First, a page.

Is it not highly probable that a young writer, in the inferior parts of his comedies, where the entertainment of the lower classes of his audience was particularly to be attended to, should adopt the same mode and the same loose versification for characters of their description, somewhat resembling that of the clown, which had been successfully and prescriptively appropriated to similar characters by preceding dramatists? Of the precedents which he copied in this instance, some examples may be found in The History of the English Stage, where some account of Tarleton is preserved; and several others are written at the end of the present comedy. Sir William Blackstone's observation, therefore, on this part of our present subject, appears to me extremely apposite and well founded; and the true inference to be drawn from the intermixture of this kind of metre is, not that it denotes another hand, but strongly indicates those plays in which it is found to have been among the writer's early essays in dramatick poetry, in which he in some measure walked in the steps of his predecessors. With respect to his earlier pieces, we do not rest upon conjecture: we know from the list transmitted by Meres* what plays he had produced before the end of the year 1598; and it is reasonable to suppose, that so careful and minute a writer, who appears to have been well acquainted with the poets of the time, did not, without good information, give the first place in that list to The Two Gentlemen of Verona, and The Comedy of Errors. The first productions of so extraordinary a dramatick poet as Shakspeare could not but have made a great impression on a man who appears to have been perfectly well acquainted with all the poetry of the time, and who doubtless was then a frequenter of the Curtain Theatre, where our poet's dramas were at that period exhibited.
But to advert more particularly to the play now before us. It has been said that Shakspeare has not taken a single name, line, or word, from the translated Menæchmi of Plautus; which may be literally true, but is not easily reconcileable to an observation made by Mr. Steevens, in which he seems to think that our authour's description of the cheating mountebanks and pretended conjurers who infested Epidamnum was taken from thence. See p. 166. The truth, however, is, that he had no occasion to consult Warner's Translation of the Menæchmi for this or any other purpose; for it is extremely probable that he was furnished with the fable of the present comedy by a play on a similar subject, from which he might have derived the very description above alluded to; and there also he might have found the designations of surreptus and erraticus, of which some traces are exhibited in the original copy of this play. Of this piece no mention is made in any dramatick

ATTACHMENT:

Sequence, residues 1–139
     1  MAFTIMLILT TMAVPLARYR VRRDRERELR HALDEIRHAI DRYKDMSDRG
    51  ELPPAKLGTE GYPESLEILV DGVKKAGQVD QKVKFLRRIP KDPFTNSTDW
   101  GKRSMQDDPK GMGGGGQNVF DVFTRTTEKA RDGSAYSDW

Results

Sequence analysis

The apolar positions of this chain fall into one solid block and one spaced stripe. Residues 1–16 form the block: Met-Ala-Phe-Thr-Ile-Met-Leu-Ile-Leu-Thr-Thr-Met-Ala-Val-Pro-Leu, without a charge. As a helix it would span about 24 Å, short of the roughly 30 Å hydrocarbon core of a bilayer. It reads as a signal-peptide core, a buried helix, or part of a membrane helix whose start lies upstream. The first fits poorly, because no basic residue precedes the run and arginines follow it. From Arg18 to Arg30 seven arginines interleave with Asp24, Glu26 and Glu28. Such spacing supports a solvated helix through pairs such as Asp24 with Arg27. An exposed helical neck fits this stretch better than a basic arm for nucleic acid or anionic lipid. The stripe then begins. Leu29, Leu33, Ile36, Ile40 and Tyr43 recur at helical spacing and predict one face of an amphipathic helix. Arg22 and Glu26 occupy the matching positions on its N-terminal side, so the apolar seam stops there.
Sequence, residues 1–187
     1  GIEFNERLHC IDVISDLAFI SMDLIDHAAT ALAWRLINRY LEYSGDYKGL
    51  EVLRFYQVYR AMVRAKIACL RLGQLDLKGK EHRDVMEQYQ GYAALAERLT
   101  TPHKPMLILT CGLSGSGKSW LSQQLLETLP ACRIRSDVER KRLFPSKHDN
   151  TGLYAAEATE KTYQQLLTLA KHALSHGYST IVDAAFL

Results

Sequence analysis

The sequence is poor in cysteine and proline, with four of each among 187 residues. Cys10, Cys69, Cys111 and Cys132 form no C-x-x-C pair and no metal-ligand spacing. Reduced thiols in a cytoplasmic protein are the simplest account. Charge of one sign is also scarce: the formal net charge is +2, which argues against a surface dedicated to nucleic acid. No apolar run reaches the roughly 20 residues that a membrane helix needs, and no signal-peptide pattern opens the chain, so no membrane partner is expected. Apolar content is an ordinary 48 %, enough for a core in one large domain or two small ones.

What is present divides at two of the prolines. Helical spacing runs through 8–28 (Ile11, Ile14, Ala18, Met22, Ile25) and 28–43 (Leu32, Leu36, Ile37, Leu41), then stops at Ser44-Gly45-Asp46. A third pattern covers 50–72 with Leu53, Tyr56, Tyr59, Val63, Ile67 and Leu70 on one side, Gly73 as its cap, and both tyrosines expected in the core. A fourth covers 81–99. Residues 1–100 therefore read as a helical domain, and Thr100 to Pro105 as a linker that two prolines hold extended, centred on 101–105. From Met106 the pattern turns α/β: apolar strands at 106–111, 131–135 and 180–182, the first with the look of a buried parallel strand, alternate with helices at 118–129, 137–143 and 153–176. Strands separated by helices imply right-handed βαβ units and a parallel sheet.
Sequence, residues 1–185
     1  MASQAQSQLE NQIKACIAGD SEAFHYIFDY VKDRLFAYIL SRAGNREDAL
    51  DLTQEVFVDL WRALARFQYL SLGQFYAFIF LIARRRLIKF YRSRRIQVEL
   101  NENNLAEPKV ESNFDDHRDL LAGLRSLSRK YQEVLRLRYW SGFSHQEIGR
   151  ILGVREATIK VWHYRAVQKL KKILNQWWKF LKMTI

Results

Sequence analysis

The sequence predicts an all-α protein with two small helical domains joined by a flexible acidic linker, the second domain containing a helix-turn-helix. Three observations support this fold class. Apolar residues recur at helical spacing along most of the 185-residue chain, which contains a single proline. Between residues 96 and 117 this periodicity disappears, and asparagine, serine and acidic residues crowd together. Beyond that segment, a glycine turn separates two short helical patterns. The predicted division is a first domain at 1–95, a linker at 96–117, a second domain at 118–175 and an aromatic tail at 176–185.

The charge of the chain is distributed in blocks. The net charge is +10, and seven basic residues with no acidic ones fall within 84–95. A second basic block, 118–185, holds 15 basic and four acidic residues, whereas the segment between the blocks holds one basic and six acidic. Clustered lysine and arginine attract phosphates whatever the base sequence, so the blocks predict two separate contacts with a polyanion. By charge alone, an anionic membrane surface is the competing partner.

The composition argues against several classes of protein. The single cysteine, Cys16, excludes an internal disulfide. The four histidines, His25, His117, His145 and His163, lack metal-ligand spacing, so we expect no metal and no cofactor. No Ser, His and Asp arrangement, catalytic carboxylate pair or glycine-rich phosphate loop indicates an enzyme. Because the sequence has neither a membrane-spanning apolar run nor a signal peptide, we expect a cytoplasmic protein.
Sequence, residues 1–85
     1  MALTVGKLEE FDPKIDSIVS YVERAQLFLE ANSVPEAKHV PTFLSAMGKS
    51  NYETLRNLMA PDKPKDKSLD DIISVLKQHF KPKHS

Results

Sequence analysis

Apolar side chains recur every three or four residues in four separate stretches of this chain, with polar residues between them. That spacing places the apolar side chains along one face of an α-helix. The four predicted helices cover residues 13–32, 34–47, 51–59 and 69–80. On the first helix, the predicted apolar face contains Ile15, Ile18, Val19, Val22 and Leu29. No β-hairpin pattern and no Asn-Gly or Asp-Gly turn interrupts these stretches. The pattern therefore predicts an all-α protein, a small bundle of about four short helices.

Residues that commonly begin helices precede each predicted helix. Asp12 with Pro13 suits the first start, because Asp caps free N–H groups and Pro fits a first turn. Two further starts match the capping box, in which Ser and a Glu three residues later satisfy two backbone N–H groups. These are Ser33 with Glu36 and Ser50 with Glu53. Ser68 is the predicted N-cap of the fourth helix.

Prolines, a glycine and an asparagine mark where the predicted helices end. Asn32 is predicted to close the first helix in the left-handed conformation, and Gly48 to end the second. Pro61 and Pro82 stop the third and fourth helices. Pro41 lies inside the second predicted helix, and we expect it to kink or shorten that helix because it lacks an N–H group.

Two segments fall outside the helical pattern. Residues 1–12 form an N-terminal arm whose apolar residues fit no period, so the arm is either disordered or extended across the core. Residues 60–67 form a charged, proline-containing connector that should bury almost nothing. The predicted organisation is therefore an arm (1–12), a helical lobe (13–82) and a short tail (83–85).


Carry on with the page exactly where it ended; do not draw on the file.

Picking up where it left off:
* Wit's Treasury, 8vo. 1598, p. 282.
history that I have seen, nor in any of the fugitive pamphlets of ancient days; but the notice concerning it which I discovered not long after my former edition of these plays was published, furnishes us with decisive evidence on this subject; for the piece in question was acted before Queen Elizabeth in the year 1576-7, when our poet was in his thirteenth year. In the Historical Account of the English Stage may be found a list of the various performances exhibited before her Majesty during the Christmas festivities of the year above mentioned, among which is the following piece :
"The Historie of Error, shewn at Hampton Court on New yeres daie at night [1576-7] enacted by the children of Pawles."
As the dramas acted by the singing boys of St. Paul's Cathedral were generally founded on classical stories, it may be presumed that this ancient piece was in a good measure founded on the comedy of Plautus; and doubtless thus the fable was transmitted to Shakspeare. MALONE.